The arguments in the article “The false allure of liberating CBI” (May 7) are far-fetched and divorced from the realities of the prevailing political culture. In a country where the executive is feared to have acted in violation of rules, resulting in a loss of revenue to the exchequer or undue favours to individuals; where the government is keen on burying its head in the sand and the disruptive Opposition is in no mood to use Parliament as a people’s forum; and where political parties have no compunctions about making alliances of convenience, the only source of remedy is the judiciary. It was entirely out of selfishness and expediency that the government and the Opposition closed ranks on the Lok Pal debate in Parliament, torpedoing the demand for bringing the CBI under an independent ombudsman.
The suggestion that the Prime Minister would have perhaps sought the Law Minister’s resignation if it wasn’t for the BJP baying for his blood loudly is amusing. Manmohan Singh may be a hardcore Congressman but one would expect a Prime Minister to do what is right for the country, not what is necessary for his party’s survival.
What the citizens are clamouring for is honesty in the public sphere. Yes, some of us would like the Ministers to take responsibility for their actions. The 2G scam, Coalgate, Railgate and the CBI ‘report-gate’ have beaten us black and blue. Continuing corruption makes us wonder whether the Indian democratic system will ever work for the common citizen.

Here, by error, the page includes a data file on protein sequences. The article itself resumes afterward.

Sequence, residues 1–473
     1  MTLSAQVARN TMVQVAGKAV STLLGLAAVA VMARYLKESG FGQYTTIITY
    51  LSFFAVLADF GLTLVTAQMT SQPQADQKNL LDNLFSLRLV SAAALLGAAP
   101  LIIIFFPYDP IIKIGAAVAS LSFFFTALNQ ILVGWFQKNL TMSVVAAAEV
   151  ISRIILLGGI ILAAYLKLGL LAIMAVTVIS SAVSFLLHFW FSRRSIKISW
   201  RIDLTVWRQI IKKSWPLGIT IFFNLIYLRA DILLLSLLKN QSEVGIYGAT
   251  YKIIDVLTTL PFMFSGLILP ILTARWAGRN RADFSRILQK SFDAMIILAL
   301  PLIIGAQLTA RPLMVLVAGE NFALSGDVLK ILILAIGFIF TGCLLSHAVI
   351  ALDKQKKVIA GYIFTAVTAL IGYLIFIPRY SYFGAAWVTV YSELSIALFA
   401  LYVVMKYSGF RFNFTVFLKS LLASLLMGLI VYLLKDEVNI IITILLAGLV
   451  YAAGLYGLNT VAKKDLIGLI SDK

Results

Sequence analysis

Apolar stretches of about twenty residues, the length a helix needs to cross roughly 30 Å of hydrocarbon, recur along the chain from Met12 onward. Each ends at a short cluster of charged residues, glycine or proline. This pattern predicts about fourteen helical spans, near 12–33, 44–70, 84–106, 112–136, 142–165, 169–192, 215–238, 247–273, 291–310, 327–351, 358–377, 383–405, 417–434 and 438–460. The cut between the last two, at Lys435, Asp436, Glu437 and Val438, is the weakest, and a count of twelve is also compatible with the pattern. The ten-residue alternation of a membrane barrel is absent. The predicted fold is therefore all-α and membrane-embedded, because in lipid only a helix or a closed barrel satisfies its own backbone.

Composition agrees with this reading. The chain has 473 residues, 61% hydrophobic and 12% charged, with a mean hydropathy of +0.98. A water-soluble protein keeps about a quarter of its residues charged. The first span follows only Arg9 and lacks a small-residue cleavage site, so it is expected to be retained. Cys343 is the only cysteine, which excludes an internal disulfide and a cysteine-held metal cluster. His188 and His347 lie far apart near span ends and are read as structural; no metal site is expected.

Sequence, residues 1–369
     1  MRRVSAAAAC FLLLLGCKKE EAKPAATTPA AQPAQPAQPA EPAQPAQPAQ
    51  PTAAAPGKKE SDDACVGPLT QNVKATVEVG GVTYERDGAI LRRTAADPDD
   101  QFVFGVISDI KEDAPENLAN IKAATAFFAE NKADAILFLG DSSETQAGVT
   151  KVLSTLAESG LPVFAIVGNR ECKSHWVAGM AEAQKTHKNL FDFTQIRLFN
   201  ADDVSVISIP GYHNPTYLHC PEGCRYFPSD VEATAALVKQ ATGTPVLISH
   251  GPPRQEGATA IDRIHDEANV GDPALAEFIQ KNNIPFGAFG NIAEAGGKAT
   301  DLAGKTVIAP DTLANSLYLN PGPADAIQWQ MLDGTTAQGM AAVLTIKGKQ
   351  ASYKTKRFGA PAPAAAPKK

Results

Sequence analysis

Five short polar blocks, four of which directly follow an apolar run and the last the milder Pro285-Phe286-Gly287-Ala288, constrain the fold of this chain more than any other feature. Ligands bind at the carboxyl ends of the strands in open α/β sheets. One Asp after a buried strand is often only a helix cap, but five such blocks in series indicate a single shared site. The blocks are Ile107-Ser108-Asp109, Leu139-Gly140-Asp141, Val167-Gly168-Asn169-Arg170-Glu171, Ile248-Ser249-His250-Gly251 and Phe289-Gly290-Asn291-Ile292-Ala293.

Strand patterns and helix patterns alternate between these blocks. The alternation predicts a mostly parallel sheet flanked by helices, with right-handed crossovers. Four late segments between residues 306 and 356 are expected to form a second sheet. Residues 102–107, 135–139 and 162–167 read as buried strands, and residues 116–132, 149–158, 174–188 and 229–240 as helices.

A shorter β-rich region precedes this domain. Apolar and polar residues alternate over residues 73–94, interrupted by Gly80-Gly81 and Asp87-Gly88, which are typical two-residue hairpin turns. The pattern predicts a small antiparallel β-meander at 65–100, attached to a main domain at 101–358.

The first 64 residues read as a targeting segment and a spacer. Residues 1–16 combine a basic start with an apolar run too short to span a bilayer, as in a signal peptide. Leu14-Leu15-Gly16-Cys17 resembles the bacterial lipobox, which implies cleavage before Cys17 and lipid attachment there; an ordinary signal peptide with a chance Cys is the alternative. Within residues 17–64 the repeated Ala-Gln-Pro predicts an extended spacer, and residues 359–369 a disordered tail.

There is a huge expectation that the Supreme Court will take appropriate action to “liberate” the CBI. Even those who are aware of the separation of powers are advocating some concrete action by the court. Amid all this, Harish Khare’s article reminded us that the way to liberate the CBI from the clutches of politicians should be evolved by parliamentary activity rather than judicial intervention.
Chandra Prakash Trivedi,
The CBI is a department that functions under the Central government and is bound to obey its diktats. The government should be honest. Can honesty be always imposed by courts?
When no law confers any autonomy on the CBI, which functions with state funds under the supervision of the government, I do not understand why such a hue and cry is being raised over the Law Minister vetting a report. Does a statutory, independent and autonomous investigative agency, funded by the government but absolutely free from its control, exist in any country?